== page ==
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HTML like it's 1993

HTML like it's 1993

Last night, I, (@jarahmoesch) along with my co-worker (@lflake), ran a 2 hour workshop on HTML - titled "HTML like it's 1993"

Why, you ask, did you bother to teach a bunch of undergraduates how to write HTML?  in a 2 hour workshop? what could you possibly accomplish?

crazy. 

They are never going to need to build their own site using it-  why not teach blogger, tumblr or wordpress instead? This is what they'll actually use- and it will look much better, be more usable, and they'll have something they can be proud of.  Not something reminsicent of geocities. or neopets.

 

So why HTML?

It depends on what you want your students to learn-  my students come from many academic discipines - some are computer science majors, others are artists - but most have never built their own page. a few have played with neopets. But they all have grown up using 'digital technologies' - that they haven't really thought about- in terms of how it's made, and what the thought process is behind it.

I want my students to think about 'screens' - what they see in front of them, what they interact with regularly- in terms of how they are made, what they are made of, who is making them, and what it means for that screen to be constructed.

For this, HTML is a good place to start:

HTML is easy to explain - markup language does the same thing that your text editor does - bold, indent, paragraphs, font size and color

HTML is easy to set-up for teaching / learning - free text editor and browser come with the computer - there's not too much to learn before even getting started

HTML gives immediate feedback : make a change like background color, or add music (!) and it's obviously there, or not there.

HTML introduces troubleshooting: it uses simple tags which 'break' as easily as other code; but it's easier to find the errors  (why is ALL the text blue and 20 point?) 

 

So  why HTML from 1993?

Because it's FUN. 

and because most of my students were born that year.

Also though, by teaching early HTML, prior to style sheets, they are exposed to 'code' as related to something 'material' - the text itself. By putting each attribute next to each piece of text, students can really see what they are doing, what is happening and why it is happening.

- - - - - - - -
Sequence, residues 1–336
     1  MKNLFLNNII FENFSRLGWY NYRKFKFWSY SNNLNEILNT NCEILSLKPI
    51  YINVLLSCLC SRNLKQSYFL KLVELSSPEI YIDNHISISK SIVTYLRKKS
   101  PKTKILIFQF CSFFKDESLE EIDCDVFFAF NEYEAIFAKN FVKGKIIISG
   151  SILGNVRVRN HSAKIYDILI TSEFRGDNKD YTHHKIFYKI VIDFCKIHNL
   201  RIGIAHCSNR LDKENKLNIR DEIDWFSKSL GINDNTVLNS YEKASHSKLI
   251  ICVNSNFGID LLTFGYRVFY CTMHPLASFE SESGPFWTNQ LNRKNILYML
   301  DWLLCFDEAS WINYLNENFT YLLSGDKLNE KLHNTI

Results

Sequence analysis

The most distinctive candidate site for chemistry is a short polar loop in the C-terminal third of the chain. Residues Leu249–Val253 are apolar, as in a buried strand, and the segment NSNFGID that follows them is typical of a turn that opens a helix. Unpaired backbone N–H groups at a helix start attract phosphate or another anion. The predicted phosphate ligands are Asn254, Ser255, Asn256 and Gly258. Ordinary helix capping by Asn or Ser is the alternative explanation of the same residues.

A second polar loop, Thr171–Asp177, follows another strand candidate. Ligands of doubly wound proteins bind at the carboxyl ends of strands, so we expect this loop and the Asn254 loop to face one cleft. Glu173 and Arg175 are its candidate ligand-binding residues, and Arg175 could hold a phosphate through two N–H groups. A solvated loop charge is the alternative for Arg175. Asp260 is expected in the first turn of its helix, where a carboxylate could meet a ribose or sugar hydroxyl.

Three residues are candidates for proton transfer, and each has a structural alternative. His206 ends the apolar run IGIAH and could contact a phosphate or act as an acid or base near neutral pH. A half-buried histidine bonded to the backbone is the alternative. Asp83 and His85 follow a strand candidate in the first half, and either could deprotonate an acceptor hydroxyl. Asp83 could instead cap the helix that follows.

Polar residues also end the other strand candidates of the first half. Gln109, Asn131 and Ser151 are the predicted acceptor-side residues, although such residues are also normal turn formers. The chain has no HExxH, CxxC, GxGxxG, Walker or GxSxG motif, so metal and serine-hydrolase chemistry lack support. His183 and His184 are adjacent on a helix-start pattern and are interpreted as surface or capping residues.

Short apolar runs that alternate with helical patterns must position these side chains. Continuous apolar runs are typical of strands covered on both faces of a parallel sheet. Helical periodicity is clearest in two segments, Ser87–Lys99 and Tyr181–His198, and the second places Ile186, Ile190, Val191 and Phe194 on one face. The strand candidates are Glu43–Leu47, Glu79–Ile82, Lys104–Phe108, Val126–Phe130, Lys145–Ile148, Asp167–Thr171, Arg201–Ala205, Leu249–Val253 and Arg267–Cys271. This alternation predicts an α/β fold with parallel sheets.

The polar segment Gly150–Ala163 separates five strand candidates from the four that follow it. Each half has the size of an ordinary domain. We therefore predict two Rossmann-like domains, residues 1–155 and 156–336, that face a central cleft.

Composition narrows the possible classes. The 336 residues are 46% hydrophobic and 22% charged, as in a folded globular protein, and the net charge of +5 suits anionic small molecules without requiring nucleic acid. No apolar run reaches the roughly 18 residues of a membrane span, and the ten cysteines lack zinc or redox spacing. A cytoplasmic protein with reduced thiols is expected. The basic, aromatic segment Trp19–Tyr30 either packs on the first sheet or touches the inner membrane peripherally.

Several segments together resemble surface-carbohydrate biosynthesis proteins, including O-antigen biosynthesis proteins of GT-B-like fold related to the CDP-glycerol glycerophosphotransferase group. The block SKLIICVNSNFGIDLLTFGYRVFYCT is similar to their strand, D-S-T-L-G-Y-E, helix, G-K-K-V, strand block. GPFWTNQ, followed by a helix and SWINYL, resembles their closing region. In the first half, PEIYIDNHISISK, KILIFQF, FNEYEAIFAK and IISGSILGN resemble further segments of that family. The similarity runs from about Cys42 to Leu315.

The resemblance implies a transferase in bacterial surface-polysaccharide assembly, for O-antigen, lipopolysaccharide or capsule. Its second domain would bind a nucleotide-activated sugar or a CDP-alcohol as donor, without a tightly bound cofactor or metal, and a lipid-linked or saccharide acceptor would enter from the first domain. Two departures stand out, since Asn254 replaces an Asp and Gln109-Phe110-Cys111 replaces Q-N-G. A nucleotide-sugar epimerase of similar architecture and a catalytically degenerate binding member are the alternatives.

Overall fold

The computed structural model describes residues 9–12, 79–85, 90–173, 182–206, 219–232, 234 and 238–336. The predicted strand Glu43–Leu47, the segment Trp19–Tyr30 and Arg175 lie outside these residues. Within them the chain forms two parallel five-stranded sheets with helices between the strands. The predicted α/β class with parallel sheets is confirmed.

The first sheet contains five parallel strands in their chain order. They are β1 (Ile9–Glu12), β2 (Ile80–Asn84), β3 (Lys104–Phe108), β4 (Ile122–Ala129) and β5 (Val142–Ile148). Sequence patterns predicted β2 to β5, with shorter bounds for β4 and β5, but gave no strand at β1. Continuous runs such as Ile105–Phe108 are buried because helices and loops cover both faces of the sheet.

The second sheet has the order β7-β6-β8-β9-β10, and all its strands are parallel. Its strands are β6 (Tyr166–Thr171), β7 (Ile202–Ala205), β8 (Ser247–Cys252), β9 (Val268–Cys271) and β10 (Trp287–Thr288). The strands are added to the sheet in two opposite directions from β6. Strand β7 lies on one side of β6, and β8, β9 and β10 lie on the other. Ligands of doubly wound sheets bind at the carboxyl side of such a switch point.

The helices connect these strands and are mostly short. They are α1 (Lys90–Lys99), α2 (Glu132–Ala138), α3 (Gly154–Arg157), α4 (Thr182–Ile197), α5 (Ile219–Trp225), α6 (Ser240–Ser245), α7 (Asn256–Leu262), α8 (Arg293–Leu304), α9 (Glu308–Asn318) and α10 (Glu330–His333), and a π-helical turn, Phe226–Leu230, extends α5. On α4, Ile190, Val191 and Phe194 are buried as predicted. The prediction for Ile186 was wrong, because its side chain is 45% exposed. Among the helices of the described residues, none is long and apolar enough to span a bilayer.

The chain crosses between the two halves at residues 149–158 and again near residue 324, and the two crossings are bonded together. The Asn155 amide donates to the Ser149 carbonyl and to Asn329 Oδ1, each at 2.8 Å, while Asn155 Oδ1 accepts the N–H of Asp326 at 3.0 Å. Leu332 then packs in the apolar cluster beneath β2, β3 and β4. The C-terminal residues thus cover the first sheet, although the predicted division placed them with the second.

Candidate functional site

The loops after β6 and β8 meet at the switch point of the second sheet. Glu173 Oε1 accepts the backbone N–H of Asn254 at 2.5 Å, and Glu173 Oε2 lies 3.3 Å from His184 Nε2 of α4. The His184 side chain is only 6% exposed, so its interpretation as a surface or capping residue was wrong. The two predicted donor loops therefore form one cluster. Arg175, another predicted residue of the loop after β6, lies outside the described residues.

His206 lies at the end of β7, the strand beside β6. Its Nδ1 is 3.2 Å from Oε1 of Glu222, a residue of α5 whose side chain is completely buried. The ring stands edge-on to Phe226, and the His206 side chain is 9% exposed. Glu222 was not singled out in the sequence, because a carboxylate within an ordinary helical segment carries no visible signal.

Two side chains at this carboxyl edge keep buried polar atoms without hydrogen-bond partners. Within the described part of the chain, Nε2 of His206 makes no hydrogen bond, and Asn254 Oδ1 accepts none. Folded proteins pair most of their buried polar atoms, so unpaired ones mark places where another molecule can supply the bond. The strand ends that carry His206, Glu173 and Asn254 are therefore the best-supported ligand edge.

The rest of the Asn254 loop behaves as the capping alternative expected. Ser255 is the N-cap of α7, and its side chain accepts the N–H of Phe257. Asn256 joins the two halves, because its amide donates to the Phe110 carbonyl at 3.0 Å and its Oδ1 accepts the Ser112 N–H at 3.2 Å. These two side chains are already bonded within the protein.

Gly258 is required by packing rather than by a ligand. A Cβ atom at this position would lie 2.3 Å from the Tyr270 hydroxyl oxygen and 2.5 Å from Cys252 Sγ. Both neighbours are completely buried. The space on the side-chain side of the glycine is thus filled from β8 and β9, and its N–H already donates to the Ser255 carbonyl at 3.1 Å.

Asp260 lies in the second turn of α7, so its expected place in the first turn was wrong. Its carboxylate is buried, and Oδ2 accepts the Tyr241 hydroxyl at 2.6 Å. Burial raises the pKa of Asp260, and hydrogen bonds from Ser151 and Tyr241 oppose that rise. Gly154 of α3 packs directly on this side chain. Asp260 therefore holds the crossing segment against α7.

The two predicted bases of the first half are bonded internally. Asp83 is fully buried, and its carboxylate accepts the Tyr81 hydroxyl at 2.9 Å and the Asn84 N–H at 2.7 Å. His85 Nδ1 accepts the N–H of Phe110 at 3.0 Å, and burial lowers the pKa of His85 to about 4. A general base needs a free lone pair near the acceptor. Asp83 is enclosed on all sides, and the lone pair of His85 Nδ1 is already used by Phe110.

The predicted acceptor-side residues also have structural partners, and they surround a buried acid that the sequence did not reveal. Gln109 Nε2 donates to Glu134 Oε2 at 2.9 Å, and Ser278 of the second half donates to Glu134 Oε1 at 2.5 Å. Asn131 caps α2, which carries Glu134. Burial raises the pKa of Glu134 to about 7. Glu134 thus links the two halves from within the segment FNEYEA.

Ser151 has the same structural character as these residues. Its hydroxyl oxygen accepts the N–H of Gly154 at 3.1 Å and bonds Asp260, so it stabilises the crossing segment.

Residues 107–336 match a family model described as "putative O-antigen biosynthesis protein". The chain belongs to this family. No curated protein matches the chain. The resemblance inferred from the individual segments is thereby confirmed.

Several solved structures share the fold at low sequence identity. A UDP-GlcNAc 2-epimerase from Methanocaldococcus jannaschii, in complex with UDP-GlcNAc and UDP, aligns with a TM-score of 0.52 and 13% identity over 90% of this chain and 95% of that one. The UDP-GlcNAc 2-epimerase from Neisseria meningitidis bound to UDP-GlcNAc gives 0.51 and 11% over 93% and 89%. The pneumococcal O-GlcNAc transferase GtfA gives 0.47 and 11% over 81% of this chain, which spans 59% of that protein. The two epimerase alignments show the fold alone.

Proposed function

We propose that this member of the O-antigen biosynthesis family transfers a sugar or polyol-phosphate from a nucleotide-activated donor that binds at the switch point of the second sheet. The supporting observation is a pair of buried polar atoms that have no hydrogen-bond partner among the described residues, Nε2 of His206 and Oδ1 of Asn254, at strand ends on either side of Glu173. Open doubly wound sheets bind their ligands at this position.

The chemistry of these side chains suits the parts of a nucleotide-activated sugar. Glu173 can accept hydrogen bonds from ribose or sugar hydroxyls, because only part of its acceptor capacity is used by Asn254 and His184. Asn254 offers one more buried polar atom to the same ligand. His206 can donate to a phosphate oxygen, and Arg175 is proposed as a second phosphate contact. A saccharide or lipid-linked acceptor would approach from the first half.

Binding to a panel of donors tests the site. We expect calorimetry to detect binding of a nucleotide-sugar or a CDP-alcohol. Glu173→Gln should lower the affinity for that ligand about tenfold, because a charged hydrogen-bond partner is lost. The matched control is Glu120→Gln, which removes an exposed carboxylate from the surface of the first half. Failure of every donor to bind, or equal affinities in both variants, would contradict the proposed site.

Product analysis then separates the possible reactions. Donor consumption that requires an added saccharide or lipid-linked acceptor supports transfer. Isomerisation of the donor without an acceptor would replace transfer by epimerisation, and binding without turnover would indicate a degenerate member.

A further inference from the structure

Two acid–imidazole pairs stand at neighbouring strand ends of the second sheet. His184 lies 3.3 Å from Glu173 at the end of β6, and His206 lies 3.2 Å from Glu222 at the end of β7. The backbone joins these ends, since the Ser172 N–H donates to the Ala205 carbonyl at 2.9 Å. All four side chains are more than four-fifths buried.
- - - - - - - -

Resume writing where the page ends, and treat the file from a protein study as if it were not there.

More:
So, we turned it into a theme party:

We began by creating our own super-ugly website as invitation.

Click here to view our invitation.
Site is best viewed in any Mozilla Firefox browser.
Other browsers do not support blinking text. :) 
(make sure to move the mouse around for special glittery results!)

Students were asked to rsvp with their favorite 1990s song, from which we created a Pandora station to listen to during the workshop (from Britney Spears to Metallica).  They were also asked to dress up (90's themed t-shirts and suspenders).

We began by teaching them some simple code:

  • structure: Head & Body; paragraph, table
  • style: font size, color, bold, underline(!), italic
  • links, images, sound

Then the fun began.  We took them on a quick survey of (mostly) archived goecities sites, a site devoted to ferrets- complete with music, and of course, the hamster dance. This introduced them to blinking text, marquees, animated gifs and midi music...

We tthen asked them (in groups) to create the ugliest functional 1990s site they could possibly muster.

As they began working, we bgan walking around the room to answer questions (how do we make our mouse have a trail of glitter?) and generally just laughing at what they came up with. Meanwhile, one student, who was assisting us with the workshop, sat at the computer/projector and started coding tables and marquees and inserting images and gifs, providing more code examples for everyone else to use.

At the end, groups came up and showed everyone what they had done, and prizes (from the 25 cent machines at the nearby grocery store) were awarded.

Pedagogy